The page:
NBA commissioner Adam Silver is considering drastically changing the format of the NBA Playoffs. Silver told the broadcast crew in San Antonio on Friday night that he may do away with the division of seeds by conference, and instead accept teams based on their overall record, regardless of geography.
This would be welcome news for the Suns, Grizzlies and Mavericks, who are shuffling around in a battle for just two remaining two playoff spots in the West. As it stands Saturday morning, nine of the best 16 records in the NBA belong to the West. In the East, at least one team will finish with a losing record and make the postseason.
Silver was posed the question by Fox Sports Southwest's Bill Land, and he responded thoughtfully without giving a definite commitment to creating a new system. Of particular importance in considering a new format is the use of chartered planes for team and media travel. When the conferences were created, players flew commercial, making cross country travel for playoff games more difficult.
The NBA has already made the switch to a 2-2-1-1-1 format for this year's Finals, partly because of the ease of travel for media members. The previous 2-3-2 format was thought to be more forgiving on news, making them more likely to cover the event.
It is likely the issue is raised between team ownership and the league sometime soon with the disparity in the conferences reaching a tipping point, and with lost revenue weighing heavy on those teams with top-ranked records missing out on postseason play because of the conference structure.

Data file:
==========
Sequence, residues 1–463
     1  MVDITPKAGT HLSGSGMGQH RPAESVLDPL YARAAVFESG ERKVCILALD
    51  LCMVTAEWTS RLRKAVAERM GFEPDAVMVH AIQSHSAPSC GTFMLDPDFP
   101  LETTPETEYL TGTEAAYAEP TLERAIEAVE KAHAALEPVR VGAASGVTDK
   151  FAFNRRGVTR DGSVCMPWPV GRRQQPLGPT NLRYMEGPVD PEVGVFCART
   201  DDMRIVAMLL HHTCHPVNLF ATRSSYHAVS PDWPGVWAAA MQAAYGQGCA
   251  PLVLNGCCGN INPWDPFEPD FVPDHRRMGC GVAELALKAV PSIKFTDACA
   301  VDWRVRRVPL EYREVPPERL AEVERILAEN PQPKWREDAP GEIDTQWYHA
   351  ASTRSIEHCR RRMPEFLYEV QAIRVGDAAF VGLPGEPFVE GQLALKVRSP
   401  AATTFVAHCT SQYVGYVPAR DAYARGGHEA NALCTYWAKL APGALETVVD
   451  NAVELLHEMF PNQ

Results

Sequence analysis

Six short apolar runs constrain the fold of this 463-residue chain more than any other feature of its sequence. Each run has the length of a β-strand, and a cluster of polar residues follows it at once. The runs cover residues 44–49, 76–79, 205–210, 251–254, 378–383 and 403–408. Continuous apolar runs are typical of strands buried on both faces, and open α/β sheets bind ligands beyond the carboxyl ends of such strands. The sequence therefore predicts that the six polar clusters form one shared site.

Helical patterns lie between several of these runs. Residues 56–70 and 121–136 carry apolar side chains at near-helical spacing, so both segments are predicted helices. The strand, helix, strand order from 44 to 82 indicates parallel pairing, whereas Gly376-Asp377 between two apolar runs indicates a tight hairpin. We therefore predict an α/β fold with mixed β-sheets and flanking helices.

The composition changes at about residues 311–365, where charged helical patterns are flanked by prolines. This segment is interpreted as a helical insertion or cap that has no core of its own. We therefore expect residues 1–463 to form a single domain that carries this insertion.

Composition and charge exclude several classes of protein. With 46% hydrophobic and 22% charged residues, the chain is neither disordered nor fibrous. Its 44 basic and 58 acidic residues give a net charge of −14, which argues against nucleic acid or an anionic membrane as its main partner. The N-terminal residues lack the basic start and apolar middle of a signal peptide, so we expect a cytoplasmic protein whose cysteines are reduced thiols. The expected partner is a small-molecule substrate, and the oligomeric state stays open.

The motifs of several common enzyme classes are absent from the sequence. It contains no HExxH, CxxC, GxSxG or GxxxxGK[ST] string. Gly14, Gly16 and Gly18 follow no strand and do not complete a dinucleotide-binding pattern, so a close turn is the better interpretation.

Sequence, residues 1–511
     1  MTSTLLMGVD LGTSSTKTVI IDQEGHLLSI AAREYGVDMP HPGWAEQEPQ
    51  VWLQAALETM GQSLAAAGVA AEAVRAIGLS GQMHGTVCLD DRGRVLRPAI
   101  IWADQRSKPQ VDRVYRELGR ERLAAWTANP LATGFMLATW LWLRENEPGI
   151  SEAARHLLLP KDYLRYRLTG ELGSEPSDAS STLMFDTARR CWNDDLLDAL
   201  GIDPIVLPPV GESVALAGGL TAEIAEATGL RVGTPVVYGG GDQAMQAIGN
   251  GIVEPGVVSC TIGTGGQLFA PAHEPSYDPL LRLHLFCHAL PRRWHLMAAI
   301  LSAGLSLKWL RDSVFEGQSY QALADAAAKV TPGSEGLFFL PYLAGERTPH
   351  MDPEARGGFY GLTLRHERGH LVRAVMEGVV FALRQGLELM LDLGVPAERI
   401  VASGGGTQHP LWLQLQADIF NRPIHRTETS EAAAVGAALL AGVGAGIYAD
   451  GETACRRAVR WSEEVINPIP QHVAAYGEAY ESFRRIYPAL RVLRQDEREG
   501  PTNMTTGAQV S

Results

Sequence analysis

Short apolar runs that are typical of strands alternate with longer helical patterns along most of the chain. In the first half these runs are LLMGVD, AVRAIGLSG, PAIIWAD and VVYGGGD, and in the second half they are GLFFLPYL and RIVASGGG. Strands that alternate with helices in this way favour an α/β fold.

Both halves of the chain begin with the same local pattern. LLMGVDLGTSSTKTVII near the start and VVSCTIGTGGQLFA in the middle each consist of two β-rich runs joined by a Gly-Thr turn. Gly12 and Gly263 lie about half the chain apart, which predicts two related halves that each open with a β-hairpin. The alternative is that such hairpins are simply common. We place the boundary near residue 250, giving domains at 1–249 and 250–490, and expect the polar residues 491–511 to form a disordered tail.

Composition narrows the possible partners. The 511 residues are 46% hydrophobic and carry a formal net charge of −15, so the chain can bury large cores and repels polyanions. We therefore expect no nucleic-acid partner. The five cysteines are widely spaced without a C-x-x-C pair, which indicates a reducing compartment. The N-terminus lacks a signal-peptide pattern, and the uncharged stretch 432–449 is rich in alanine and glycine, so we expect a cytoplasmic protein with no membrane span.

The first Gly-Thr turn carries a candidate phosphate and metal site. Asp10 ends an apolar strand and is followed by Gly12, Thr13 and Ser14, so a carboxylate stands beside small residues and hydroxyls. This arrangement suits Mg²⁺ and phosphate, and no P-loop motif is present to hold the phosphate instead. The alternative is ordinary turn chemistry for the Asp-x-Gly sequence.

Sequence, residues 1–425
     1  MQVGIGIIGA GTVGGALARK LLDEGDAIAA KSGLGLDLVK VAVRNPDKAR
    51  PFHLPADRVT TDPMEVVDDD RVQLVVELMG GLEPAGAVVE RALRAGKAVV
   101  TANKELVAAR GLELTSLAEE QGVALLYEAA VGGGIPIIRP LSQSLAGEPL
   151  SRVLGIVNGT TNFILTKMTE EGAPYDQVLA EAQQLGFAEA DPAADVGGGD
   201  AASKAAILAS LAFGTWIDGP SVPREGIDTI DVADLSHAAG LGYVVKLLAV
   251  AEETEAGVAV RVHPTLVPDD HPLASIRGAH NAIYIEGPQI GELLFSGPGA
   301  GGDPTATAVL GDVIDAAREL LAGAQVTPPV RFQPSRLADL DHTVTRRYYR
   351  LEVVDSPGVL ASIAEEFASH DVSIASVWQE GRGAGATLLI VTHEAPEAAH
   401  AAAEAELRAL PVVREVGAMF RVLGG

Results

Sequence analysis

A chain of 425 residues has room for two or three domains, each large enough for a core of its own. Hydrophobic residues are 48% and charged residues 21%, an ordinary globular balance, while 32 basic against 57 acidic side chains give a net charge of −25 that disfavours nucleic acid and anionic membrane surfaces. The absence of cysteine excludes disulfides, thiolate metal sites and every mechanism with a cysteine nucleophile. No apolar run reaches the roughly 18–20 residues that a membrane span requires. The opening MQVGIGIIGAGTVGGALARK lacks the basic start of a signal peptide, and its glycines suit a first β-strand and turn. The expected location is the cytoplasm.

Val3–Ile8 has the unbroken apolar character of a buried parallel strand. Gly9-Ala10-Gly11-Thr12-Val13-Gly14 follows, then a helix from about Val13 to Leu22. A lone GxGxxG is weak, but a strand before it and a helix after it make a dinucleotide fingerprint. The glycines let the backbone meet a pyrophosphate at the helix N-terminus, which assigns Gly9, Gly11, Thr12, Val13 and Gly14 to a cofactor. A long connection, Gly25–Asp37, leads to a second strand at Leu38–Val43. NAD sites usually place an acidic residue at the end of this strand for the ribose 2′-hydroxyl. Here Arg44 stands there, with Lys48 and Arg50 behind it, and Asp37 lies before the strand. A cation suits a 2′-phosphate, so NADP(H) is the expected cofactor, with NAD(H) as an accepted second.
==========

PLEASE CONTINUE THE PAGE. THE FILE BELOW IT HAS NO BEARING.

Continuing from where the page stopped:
This 2014 NBA Playoffs start on April 19.
Here's a full transcript of the conversation between Silver, Land and Sean Elliot.
Land: I know one thing we talked about a lot, and I'm sure you get hit everywhere, is what about the possibility of changing how many teams qualify for the playoffs? Or better yet, do you take the top 16 because of the disparity between East and West? Your thoughts, and will there be some movement?
Silver: You know, I don't know if there will be movement. My initial thought is we should take a fresh look at it.
I mean, when these conferences were designed, it was in the day of commercial [air] travel. Sean, is that so?
Elliot: I was around then. I was flying commercial, yes sir.
Silver: So, it was very difficult when we moved teams around the country. And in this day and age, where every team in the league is flying charter, it changes everything.
Incidentally, it is one of the reasons why we moved back to the 2-2-1-1-1 format for this year's Finals. It was moved to 2-3-2 at the beginning of David Stern's commissionership because a lot of the media weren't willing to follow us because of the back-and-forth travel.
In this day and age of chartered planes, it makes sense to keep a consistent format throughout the playoffs.